In situ catalyst exsolution on perovskite oxides for the production of CO and synthesis gas in ceramic membrane reactors
Author(s)Dimitrakopoulos, Georgios Theodoros; Ghoniem, Ahmed F; Yildiz, Bilge
MetadataShow full item record
This work demonstrates and assesses the concept of in situ catalyst exsolution in ceramic membrane reactors for the co-production of carbon monoxide (CO) and syngas through carbon dioxide (CO[subscript 2]) splitting and methane (CH[subscript 4]) partial oxidation, respectively. We use dense pellets of La[subscript 0.85]Ca[subscript 0.10]Fe[subscript 0.95]Ni[0.05]O[subscript 3-δ] (LCFN) as a model membrane reactor system. By combining in situ reaction rate measurements under finite oxygen (O[subscript 2]) flux and ex situ material characterization, we show that exsolution of nickel (Ni[subscript 0]) metal nanoparticles takes place in situ on both sides of the LCFN membrane under sufficiently reducing conditions controlled by the presence of CH[subscript 4]. To understand the impact of temperature and inlet fuel concentration on the nucleation, performance and long-term stability of the catalytic particles, exsolution of Ni[subscript 0] from LCFN was investigated at 900 °C, 950 °C and 1000 °C and with different concentrations of CH[subscript 4]. Nickel particles with sizes ranging between 100 nm and 300 nm formed on LCFN pellets at 950 °C and 1000 °C using CH[subscript 4] as the in situ reducing agent at a threshold inlet CH[subscript 4] mole fraction of 16% and 4%, respectively. Nickel exsolution was not observed at 900 °C. No pre-reduction of the sample in a hydrogen (H[subscript 2]) environment was required. As a result, significant performance increase was obtained. Exsolution on LCFN samples at different temperatures results in almost identical performance when compared under similar conditions. Reaction rates obtained after nickel exsolution were stable over long durations, suggesting that the grown particles are resistant to agglomeration in the hydrocarbon environment. Results shown in this work demonstrate that in situ, on demand catalyst exsolution by using the feedstock fuel can be an effective way of improving the surface kinetics of perovskite oxides for ceramic membranes.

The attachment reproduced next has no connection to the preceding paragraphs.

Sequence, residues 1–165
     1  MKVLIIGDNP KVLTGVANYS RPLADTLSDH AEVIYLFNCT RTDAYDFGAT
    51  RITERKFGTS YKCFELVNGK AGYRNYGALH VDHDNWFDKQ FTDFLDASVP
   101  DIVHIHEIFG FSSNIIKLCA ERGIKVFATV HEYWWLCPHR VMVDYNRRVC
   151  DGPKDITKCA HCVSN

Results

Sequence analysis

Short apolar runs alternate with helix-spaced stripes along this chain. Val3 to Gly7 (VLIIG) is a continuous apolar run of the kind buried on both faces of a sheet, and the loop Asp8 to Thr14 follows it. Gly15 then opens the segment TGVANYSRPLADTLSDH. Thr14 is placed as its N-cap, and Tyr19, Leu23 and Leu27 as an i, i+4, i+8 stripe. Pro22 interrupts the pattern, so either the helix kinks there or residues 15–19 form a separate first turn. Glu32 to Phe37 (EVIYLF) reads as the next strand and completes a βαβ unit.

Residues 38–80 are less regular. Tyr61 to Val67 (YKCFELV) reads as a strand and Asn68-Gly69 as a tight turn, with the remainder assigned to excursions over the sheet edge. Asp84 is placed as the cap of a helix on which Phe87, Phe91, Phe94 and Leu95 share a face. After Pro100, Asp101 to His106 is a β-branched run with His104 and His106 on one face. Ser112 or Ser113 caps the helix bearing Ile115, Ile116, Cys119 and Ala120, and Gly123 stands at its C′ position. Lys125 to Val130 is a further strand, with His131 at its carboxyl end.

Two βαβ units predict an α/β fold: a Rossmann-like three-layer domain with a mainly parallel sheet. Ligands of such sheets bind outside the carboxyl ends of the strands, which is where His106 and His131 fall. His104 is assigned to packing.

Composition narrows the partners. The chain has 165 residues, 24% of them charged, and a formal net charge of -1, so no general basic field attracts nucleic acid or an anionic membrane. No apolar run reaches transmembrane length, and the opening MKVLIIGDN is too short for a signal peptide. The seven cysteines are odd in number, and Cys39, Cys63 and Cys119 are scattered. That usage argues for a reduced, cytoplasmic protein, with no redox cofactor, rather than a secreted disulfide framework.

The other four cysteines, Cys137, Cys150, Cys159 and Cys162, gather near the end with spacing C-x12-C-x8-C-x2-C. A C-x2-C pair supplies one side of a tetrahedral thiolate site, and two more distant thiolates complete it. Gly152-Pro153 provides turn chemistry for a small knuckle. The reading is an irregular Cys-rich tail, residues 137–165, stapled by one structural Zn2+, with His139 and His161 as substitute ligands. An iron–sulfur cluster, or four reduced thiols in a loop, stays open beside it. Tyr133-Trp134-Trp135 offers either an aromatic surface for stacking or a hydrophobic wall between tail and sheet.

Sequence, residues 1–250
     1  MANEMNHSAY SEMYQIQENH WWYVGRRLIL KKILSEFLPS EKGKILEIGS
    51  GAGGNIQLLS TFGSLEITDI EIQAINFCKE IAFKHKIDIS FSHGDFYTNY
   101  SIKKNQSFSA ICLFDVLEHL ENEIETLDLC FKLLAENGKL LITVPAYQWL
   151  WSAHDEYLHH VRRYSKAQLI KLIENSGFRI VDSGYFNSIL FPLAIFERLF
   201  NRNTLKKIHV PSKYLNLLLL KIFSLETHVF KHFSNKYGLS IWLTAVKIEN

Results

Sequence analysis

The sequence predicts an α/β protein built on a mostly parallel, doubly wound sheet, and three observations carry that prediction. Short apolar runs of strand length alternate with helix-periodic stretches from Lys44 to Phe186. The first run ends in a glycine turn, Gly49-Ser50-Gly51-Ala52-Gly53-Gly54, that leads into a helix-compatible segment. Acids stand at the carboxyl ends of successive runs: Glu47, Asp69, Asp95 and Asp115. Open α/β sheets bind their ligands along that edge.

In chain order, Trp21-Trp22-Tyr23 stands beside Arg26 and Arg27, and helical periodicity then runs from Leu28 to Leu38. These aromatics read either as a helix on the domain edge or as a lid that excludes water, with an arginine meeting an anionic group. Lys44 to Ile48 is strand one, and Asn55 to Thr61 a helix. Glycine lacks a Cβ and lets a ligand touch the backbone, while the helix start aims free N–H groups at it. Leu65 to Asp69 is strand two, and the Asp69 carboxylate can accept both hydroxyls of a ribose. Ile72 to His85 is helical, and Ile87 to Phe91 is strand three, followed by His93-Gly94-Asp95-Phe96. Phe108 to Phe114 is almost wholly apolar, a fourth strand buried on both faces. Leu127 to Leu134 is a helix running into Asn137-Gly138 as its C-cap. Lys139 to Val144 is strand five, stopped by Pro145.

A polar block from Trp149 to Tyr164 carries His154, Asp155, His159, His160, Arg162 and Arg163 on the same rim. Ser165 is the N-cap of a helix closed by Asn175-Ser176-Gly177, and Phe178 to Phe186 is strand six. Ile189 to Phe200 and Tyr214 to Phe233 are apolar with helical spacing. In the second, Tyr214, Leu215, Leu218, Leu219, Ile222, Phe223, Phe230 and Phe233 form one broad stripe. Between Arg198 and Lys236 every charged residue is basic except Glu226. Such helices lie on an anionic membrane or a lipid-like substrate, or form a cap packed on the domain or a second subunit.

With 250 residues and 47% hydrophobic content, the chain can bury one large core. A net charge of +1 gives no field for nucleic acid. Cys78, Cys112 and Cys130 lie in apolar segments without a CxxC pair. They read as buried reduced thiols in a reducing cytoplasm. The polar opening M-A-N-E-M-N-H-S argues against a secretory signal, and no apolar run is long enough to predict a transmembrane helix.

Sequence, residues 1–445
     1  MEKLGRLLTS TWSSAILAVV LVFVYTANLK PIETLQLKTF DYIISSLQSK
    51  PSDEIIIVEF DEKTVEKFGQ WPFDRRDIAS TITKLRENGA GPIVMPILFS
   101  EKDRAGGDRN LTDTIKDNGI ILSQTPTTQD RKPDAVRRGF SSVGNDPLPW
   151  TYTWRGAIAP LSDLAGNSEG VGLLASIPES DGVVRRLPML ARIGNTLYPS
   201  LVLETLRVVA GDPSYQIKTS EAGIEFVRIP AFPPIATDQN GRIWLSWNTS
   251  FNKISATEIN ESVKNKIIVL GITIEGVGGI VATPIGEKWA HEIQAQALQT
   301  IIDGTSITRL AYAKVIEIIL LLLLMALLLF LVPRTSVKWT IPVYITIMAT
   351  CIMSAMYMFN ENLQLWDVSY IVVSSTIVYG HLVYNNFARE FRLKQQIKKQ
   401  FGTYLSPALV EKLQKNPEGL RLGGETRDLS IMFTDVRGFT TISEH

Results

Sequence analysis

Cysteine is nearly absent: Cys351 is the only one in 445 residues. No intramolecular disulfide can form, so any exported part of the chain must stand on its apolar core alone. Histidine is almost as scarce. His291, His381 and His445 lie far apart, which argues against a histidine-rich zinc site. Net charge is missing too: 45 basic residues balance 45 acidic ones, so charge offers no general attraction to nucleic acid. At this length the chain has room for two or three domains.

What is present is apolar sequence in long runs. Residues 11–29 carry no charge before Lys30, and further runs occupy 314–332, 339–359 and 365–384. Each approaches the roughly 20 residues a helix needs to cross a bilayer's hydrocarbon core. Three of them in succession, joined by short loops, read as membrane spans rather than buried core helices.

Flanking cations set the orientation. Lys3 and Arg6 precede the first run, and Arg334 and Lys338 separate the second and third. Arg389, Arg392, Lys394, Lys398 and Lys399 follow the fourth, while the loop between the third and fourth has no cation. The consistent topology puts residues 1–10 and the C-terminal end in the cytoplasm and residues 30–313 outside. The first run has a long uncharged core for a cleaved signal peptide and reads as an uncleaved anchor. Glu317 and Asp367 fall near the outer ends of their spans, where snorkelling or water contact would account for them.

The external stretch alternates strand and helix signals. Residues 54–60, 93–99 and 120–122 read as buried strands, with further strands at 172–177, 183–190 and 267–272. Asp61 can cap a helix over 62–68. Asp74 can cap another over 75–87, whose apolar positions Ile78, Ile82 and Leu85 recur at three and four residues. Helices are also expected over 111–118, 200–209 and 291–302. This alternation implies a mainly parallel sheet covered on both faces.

DepartmentMassachusetts Institute of Technology. Department of Nuclear Science and Engineering; Massachusetts Institute of Technology. Department of Mechanical Engineering; Massachusetts Institute of Technology. Department of Materials Science and Engineering
Sustainable Energy & Fuels
Royal Society of Chemistry (RSC)
Dimitrakopoulos, Georgios. "In situ catalyst exsolution on perovskite oxides for the production of CO and synthesis gas in ceramic membrane reactors." Sustainable Energy & Fuels 9, 3 (June, 2019): 2347. © 2019 The Royal Society of Chemistry.
Final published version